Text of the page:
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  • Cited by 349
  • Cited by
    This book has been cited by the following publications. This list is generated based on data provided by CrossRef.

    Okada, Ellie 2019. Management of Knowledge-Intensive Organizations. p. 27.

    Okada, Ellie 2019. Management of Knowledge-Intensive Organizations. p. 55.

    Okada, Ellie 2019. Management of Knowledge-Intensive Organizations. p. 1.

    Msomphora, Mbachi Ruth and Jentoft, Svein 2019. Transdisciplinarity for Small-Scale Fisheries Governance. Vol. 21, Issue. , p. 397.

    Okada, Ellie 2018. Knowledge corruption and governance in academic knowledge-intensive organizations: The case of molecular mutations research. Journal of Public Affairs, Vol. 18, Issue. 1, p. e1698.

    Morais, Ana M. Castro, Sílvia Ferreira, Sílvia and Neves, Isabel P. 2018. Teaching Science with Context. p. 421.

    Cruz-Castro, Laura and Sanz-Menéndez, Luis 2018. Autonomy and Authority in Public Research Organisations: Structure and Funding Factors. Minerva, Vol. 56, Issue. 2, p. 135.

    Loasby, Brian J. 2018. Understanding Economic Change. p. 43.

    Allwood, Carl Martin 2018. The Nature and Challenges of Indigenous Psychologies.

    Cerroni, Andrea 2018. Steps towards a theory of the knowledge-society. Social Science Information, Vol. 57, Issue. 2, p. 322.

    Johansen, Gerd Jónsdóttir, Guðrún and Kolstø, Stein Dankert 2018. Cultural, Social, and Political Perspectives in Science Education. Vol. 15, Issue. , p. 113.

    Fücker, Sonja and Schimank, Uwe 2018. Knowledge in Action. p. 49.

    Kim, So Young and Kim, Yoonhoo 2018. The Ethos of Science and Its Correlates: An Empirical Analysis of Scientists’ Endorsement of Mertonian Norms. Science, Technology and Society, Vol. 23, Issue. 1, p. 1.

    Lykke, Nina 2018. Can’t bibliometric analysts do better? How quality assessment without field expertise does not work. Scientometrics, Vol. 117, Issue. 1, p. 655.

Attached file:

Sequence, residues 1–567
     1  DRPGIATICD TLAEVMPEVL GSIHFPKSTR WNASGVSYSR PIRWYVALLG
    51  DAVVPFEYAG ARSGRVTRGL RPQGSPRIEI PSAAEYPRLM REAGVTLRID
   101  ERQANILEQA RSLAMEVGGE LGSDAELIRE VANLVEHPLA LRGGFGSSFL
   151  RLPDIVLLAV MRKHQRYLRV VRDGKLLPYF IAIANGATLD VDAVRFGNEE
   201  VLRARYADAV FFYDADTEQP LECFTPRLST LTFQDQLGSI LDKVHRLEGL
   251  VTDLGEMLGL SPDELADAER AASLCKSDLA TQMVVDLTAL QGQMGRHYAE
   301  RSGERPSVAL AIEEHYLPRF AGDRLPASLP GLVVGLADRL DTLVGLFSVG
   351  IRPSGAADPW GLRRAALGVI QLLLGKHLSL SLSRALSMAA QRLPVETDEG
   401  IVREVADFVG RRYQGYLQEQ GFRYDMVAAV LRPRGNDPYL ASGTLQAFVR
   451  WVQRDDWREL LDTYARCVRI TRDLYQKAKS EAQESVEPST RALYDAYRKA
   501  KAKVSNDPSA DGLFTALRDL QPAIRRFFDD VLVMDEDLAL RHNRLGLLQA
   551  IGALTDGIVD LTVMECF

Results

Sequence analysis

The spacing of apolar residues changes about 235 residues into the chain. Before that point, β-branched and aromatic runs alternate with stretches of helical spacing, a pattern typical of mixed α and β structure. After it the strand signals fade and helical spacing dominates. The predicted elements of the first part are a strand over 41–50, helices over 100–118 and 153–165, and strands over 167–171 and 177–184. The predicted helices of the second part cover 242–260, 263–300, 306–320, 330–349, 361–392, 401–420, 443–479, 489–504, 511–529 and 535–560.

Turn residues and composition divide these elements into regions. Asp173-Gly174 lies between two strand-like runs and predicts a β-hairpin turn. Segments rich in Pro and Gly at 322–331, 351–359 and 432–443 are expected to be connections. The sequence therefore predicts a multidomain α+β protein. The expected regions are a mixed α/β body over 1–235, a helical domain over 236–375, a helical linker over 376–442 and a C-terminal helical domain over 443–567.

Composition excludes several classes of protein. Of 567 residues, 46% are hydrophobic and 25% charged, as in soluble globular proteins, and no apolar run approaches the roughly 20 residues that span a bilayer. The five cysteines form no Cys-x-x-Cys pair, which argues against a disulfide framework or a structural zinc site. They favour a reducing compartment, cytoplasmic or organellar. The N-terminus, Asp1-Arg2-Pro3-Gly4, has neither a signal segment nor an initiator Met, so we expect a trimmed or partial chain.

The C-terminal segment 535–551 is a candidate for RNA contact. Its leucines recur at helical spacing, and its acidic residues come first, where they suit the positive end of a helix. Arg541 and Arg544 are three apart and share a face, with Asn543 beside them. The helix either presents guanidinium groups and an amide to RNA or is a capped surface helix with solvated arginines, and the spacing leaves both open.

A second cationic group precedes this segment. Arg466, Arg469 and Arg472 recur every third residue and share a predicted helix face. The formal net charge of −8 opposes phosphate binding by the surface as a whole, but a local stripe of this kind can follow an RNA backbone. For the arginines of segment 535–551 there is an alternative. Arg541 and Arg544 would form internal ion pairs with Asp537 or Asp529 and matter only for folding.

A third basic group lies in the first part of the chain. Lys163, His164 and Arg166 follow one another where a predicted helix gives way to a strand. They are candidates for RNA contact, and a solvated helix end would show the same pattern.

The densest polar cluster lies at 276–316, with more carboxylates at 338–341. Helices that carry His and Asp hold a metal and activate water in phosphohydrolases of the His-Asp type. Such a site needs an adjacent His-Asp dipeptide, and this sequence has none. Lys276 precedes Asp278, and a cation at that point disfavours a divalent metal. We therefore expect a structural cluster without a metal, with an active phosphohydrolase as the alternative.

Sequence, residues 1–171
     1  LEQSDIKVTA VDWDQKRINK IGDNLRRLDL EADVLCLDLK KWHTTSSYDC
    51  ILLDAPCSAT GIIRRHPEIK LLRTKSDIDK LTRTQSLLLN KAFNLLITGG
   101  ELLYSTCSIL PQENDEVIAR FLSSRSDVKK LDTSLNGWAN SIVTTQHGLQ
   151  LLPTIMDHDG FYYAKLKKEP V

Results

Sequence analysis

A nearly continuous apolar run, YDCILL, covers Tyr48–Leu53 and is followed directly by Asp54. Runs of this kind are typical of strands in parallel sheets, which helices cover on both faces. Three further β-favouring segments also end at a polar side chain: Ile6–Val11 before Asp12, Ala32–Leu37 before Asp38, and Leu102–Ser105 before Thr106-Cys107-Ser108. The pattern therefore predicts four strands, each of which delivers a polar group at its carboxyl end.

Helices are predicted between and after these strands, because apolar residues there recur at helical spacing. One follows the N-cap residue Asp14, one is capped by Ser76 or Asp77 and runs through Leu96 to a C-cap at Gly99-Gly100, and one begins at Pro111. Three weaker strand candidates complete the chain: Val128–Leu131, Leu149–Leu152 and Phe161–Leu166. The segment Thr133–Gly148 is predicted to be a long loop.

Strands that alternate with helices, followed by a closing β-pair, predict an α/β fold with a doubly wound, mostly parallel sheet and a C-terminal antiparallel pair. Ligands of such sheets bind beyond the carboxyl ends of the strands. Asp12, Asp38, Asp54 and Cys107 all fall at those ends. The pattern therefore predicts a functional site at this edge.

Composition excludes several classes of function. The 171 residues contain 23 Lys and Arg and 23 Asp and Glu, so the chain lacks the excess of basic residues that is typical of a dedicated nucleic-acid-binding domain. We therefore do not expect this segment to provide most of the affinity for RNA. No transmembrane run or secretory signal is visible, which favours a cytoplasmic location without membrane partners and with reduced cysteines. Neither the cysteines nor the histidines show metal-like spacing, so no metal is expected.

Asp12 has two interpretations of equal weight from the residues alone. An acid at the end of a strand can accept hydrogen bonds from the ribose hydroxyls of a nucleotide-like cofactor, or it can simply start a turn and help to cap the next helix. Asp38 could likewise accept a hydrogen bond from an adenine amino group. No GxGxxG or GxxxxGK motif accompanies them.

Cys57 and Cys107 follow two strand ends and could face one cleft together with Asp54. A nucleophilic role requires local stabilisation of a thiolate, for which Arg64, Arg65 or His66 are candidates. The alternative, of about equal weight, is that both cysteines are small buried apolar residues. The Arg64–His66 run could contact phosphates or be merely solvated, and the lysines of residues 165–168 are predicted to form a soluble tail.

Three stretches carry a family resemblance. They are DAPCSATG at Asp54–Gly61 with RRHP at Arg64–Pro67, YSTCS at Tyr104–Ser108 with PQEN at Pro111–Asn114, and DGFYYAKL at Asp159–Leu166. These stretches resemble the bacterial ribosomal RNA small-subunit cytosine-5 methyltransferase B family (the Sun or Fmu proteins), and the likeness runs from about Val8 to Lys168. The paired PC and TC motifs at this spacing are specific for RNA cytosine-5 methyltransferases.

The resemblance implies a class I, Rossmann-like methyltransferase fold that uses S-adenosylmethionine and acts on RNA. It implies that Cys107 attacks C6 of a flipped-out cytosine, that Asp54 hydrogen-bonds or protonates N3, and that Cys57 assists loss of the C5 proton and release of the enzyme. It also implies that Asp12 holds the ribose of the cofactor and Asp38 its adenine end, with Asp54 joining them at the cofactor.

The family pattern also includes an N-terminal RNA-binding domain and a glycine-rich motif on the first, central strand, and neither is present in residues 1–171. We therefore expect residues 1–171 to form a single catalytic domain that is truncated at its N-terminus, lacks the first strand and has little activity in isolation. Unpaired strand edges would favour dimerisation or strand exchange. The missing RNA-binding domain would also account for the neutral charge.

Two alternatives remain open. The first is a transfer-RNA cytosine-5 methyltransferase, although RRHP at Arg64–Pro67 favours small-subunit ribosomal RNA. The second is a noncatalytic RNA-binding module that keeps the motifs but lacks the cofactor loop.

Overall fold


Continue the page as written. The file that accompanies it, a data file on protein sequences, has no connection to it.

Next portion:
Turnbull, Nick and Hoppe, Robert 2018. Problematizing ‘wickedness’: a critique of the wicked problems concept, from philosophy to practice. Policy and Society, p. 1.

    Coulter, Janet 2018. The Designers Leap: Boundary Jumping to Foster Interdisciplinarity between Textile Design and Science. Journal of Textile Design Research and Practice, p. 1.

    Kalpazidou Schmidt, Evanthia and Cacace, Marina 2018. Setting up a dynamic framework to activate gender equality structural transformation in research organizations. Science and Public Policy,

    Resnik, David B. 2018. Examining the Social Benefits Principle in Research with Human Participants. Health Care Analysis, Vol. 26, Issue. 1, p. 66.

    Christian, David 2018. Minimal English for a Global World. p. 201.

    Bonaccorsi, Andrea 2018. The Evaluation of Research in Social Sciences and Humanities. p. 1.

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Book description

Scientists and 'anti-scientists' alike need a more realistic image of science. The traditional mode of research, academic science, is not just a 'method': it is a distinctive culture, whose members win esteem and employment by making public their findings. Fierce competition for credibility is strictly regulated by established practices such as peer review. Highly specialized international communities of independent experts form spontaneously and generate the type of knowledge we call 'scientific' - systematic, theoretical, empirically-tested, quantitative, and so on. Ziman shows that these familiar 'philosophical' features of scientific knowledge are inseparable from the ordinary cognitive capabilities and peculiar social relationships of its producers. This wide-angled close-up of the natural and human sciences recognizes their unique value, whilst revealing the limits of their rationality, reliability, and universal applicability. It also shows how, for better or worse, the new 'post-academic' research culture of teamwork, accountability, etc. is changing these supposedly eternal philosophical characteristics.

Reviews

‘… an excellent insight into the social and ‘political’ structure of the scientific world. Real Science makes interesting reading because it shows that scientific knowledge, rather than providing the idealized, clear and concise description of the world around us, is all too much an evolving product of the human mind.’

Peter L. Hordijk and Eloise C. Anthony Source: Nature Cell Biology

‘Any scientist interested in establishing a more constructive dialogue with the science and technology studies community would be well-advised to read these works.’

Source: Physics Today

‘… for anyone wanting a detailed, realistic, well-rounded view of science, Ziman’s Real Science is your book.’

David L. Hull Source: Nature

‘… a well-organised, carefully argued and very readable work.’

Uwe Schimank Source: Research Policy

‘Ziman presents such an impeccably-assembled analysis of what exactly science was, is, and is becoming, that reading it brings about that satisfying sense of a mental jigsaw falling into place.’

Vanessa Spedding Source: Science and Public Affairs

'I would strongly recommend this book …'.

Source: Scientists for Global Responsibility

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